IDEAS home Printed from https://ideas.repec.org/p/han/dpaper/dp-470.html
   My bibliography  Save this paper

Effects of discretionary fiscal policy: new empirical evidence for Germany

Author

Listed:
  • Bank, Alexander

Abstract

This paper analyses the effects of discretionary fiscal policy by presenting new empirical evidence for Germany within a structural vector autoregression (SVAR) framework. Following Blanchard and Perotti (2002), the SVAR model is identified by applying institutional information. We find no compelling evidence for the effectiveness of discretionary fiscal policy. Cutting taxes does not tend to stabilise the business cycle. Increasing government expenditure has an ambiguous effect on GDP for the basic specification. However, by controlling for the influence of inflation, higher government expenditure does not either tend to stabilise economic activity. The results are robust to various modifications.

Suggested Citation

  • Bank, Alexander, 2011. "Effects of discretionary fiscal policy: new empirical evidence for Germany," Hannover Economic Papers (HEP) dp-470, Leibniz Universität Hannover, Wirtschaftswissenschaftliche Fakultät.
  • Handle: RePEc:han:dpaper:dp-470
    as

    Download full text from publisher

    File URL: http://diskussionspapiere.wiwi.uni-hannover.de/pdf_bib/dp-470.pdf
    Download Restriction: no

    References listed on IDEAS

    as
    1. Tenhofen Jörn & Wolff Guntram B. & Heppke-Falk Kirsten H., 2010. "The Macroeconomic Effects of Exogenous Fiscal Policy Shocks in Germany: A Disaggregated SVAR Analysis," Journal of Economics and Statistics (Jahrbuecher fuer Nationaloekonomie und Statistik), De Gruyter, vol. 230(3), pages 328-355, June.
    Full references (including those not matched with items on IDEAS)

    Citations

    Citations are extracted by the CitEc Project, subscribe to its RSS feed for this item.
    as


    Cited by:

    1. repec:eee:ecmode:v:73:y:2018:i:c:p:100-116 is not listed on IDEAS

    More about this item

    Keywords

    Discretionary fiscal policy; Germany; structural vector autoregression;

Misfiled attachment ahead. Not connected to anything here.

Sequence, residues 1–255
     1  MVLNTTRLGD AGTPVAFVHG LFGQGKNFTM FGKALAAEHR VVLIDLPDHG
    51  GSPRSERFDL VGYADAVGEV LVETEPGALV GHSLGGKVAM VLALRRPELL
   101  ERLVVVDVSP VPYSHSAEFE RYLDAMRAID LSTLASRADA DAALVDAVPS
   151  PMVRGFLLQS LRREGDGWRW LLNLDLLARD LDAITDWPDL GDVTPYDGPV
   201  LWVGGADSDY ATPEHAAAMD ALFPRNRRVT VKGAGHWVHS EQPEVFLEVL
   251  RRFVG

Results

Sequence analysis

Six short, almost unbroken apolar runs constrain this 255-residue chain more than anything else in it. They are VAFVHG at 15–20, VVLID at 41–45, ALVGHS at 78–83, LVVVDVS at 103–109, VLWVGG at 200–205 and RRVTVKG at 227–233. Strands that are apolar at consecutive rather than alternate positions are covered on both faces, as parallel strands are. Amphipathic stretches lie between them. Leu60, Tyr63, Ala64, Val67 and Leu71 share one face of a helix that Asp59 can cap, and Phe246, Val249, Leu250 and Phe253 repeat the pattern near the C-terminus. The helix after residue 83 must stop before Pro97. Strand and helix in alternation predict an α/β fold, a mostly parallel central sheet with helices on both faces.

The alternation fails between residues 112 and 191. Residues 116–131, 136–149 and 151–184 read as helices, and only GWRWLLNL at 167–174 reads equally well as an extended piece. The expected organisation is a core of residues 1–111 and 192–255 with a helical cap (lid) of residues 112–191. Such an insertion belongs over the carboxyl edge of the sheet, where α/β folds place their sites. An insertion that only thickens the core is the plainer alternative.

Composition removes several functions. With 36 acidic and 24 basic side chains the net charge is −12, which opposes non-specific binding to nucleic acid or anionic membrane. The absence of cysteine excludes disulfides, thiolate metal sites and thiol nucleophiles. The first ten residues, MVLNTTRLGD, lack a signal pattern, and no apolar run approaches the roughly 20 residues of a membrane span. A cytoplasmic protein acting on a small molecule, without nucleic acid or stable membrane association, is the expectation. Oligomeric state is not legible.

JEL classification:

    • C32 - Mathematical and Quantitative Methods - - Multiple or Simultaneous Equation Models; Multiple Variables - - - Time-Series Models; Dynamic Quantile Regressions; Dynamic Treatment Effect Models; Diffusion Processes; State Space Models
    • E62 - Macroeconomics and Monetary Economics - - Macroeconomic Policy, Macroeconomic Aspects of Public Finance, and General Outlook - - - Fiscal Policy
    • H30 - Public Economics - - Fiscal Policies and Behavior of Economic Agents - - - General

    NEP fields

    This paper has been announced in the following NEP Reports:

    Statistics

    Access and download statistics

    Corrections

    All material on this site has been provided by the respective publishers and authors. You can help correct errors and omissions. When requesting a correction, please mention this item's handle: RePEc:han:dpaper:dp-470. See general information about how to correct material in RePEc.

    For technical questions regarding this item, or to correct its authors, title, abstract, bibliographic or download information, contact: (Heidrich, Christian). General contact details of provider: http://edirc.repec.org/data/fwhande.html .

    If you have authored this item and are not yet registered with RePEc, we encourage you to do it here. This allows to link your profile to this item. It also allows you to accept potential citations to this item that we are uncertain about.

    If CitEc recognized a reference but did not link an item in RePEc to it, you can help with this form .

    If you know of missing items citing this one, you can help us creating those links by adding the relevant references in the same way as above, for each refering item. If you are a registered author of this item, you may also want to check the "citations" tab in your RePEc Author Service profile, as there may be some citations waiting for confirmation.

    Please note that corrections may take a couple of weeks to filter through the various RePEc services.

    IDEAS is a RePEc service hosted by the Research Division of the Federal Reserve Bank of St. Louis . RePEc uses bibliographic data supplied by the respective publishers.